Byatt: Victorian Poets in Possession


Here undergraduate Laura Kilbride outlines some of the ways in which Possession touches on the work of real, as well as fictional, Victorian poets. Readers of the novel don't necessarily need this knowledge, but those who have it can appreciate some of the more subtle features of Byatt's work.


ROBERT BROWNING

Robert Browning (1812-1889) was an accomplished poet and critic, married to the poet Elizabeth Barrett Browning. He is often identified as the model for Randolph Henry Ash. Ash shares with Browning a preference for the dramatic monologue, which Byatt draws on in poems such as 'Swammerdam' and 'Mummy Possest'. Ash and Browning show similar interests in spiritualism, the social conditions of the period, the religious and cultural consequences of Darwin's Theory of Evolution, changing attitudes towards the Bible, and love in the modern age.

Echoes of Browning's poetry and life are ample in Possession. Sometimes these are present at the level of plot and character. The Brownings' love letters are one obvious source for the correspondence between Ash and LaMotte. Ellen Ash's dilemma of how to deal with a pregnant maid is also in part biographical borrowing. In contrast to Ellen Ash's dismissal of her maidservant, the Brownings made financial arrangements for the mother and child. Browning's poem 'Childe Roland to the Dark Tower Came' is one possible source for Byatt's wandering academic in the wilderness, who also stumbles across his destination quite by accident. More subtle ideas in Browning's poetry can be found in 'Fra Lippo Lippi', a poem which questions the ethical claims of idealism over realism in Art. These ideas are played out via the discourse of a drunken, womanising monk. Like Fra Lippo Lippi, Byatt is also concerned with the differences and similarities between art and narrative, the visual and the linguistic:

I drew men's faces on my copy-books,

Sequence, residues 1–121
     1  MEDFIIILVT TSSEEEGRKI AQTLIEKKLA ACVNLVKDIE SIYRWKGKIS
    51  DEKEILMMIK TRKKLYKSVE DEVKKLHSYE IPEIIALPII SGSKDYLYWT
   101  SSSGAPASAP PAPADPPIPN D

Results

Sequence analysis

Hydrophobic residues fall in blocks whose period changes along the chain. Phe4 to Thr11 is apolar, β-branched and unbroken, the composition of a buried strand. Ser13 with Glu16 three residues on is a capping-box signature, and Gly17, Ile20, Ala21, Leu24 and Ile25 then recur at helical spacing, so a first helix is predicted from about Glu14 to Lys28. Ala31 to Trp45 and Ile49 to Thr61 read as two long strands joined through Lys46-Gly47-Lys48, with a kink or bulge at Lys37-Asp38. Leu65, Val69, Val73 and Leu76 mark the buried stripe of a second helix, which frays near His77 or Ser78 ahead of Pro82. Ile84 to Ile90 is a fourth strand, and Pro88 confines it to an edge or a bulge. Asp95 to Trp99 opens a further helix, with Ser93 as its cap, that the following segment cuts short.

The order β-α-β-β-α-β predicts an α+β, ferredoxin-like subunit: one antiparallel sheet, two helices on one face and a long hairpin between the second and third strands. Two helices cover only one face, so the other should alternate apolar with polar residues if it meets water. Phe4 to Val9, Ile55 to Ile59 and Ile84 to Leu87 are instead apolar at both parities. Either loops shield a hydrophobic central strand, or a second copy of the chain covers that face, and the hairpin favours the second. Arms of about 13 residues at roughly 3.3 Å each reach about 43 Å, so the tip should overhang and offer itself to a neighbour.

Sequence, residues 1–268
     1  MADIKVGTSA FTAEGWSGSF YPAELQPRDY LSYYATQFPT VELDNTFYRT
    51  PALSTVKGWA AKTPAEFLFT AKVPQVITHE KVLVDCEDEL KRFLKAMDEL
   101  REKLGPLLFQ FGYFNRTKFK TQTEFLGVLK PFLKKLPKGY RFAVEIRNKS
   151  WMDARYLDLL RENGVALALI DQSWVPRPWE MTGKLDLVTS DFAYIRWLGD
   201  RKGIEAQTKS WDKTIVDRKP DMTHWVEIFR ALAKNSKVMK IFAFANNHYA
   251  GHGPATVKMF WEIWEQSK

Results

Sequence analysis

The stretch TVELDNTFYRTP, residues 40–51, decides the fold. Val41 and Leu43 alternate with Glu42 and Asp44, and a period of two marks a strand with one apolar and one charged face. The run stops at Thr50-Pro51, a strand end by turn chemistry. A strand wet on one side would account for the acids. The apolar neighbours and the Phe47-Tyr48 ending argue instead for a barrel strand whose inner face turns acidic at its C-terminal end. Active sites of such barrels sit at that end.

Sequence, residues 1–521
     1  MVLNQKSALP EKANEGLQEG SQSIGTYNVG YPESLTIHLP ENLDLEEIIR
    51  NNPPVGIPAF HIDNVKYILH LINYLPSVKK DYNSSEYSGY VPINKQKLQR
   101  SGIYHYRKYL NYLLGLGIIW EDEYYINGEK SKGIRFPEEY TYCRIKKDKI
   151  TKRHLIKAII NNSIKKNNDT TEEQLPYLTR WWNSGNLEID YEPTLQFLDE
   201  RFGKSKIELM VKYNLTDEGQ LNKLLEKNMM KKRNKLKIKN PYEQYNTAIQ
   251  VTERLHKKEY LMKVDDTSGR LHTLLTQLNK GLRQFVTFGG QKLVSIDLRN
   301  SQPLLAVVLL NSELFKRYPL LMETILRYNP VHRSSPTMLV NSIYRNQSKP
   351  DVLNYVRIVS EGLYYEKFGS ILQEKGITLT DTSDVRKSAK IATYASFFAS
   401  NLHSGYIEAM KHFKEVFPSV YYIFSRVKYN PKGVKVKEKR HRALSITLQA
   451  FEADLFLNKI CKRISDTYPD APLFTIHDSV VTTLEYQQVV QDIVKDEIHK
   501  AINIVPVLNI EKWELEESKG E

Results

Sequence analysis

Scrawled them within the antiphonary's marge,
Joined legs and arms to the long music-notes,
Found eyes and nose and chin for A's and B's,
And made a string of pictures of the world
Betwixt the ins and outs of verb and noun (ll. 129-134)

The importance of 'Mr Sludge, The Medium' in Possession is indicated by Byatt's choice to include part of the poem as an epigraph for her novel. This poem is a long dramatic monologue spoken by the poetic persona, Mr Sludge, a spiritual medium who has been caught in the act of tricking his audience. The extract in the epigraph introduces the reader to the question of truthfulness in fiction, and the idea of the writer's voice as a conduit for past or dead voices. In 1854 Browning and Elizabeth were present at a séance held by Daniel Dunglas Home, a famous American spiritualist. Elizabeth was impressed by the experience, while Browning remained cynical, as his poem shows. Sludge's defence depends on the collapsing of the boundary between reality and fiction. The poem is also important stylistically. Browning's blank verse line and chatty, paratactic sentences which are shot through with rhetorical questions and frequently terminate in aposiopesis are easily identifiable within 'Swammerdam' and 'Mummy Possest':

There's another picker-out of pearl
From dung heaps, ay -, your literary man,
Who draws on his kid gloves to deal with Sludge
Daintily and discreetly, - shakes a dust
O' the doctrine, flavours thence, he well knows
The narrative or the novel, - half believes,
All for the book's sake and the public's stare,
And the cash that's God's sole solid in this world!
Look at him! Try to be too bold, too gross
For the master! Not you! He's the man for muck;
Shovel it forth, full-splash, he'll smooth your brown
Into artistic richness, never fear!



SAMUEL TAYLOR COLERIDGE

I too have seen S.T.C. I was but an infant - his pudgy Hand rested on my golden curls - his Voice remarked on their flaxen paleness - he said - or I have since by thinking created his voice saying - for I too, like you, must be imagining, I cannot let things alone - I believe he said 'It is a beautiful name and will I trust not be a name of ill omen.' Now this is all the Clue I have to the end of the poem of Christabel - that i's heroine was destined for tribulation - which is not hard to see - though how she might obtain Happiness thereafter is harder, if not Impossible.
(Christabel LaMotte to Randolph Henry Ash in 'The correspondence', Chapter 10.)

The poetry of Samuel Taylor Coleridge (1772-1834) is key to an understanding of Possession. The incompleteness of his narrative poem 'Christabel' (which Coleridge, in his Preface, confessed was due to his 'own indolence') leaves the fate of the eponymous heroine open to the imagination. By naming her Victorian poetess after the heroine of Coleridge's poem, Byatt establishes links at the level of plot and theme. The reader who is aware of the plot of 'Christabel' and its uncertain ending is made doubly aware of the unstable future faced by Byatt's heroine.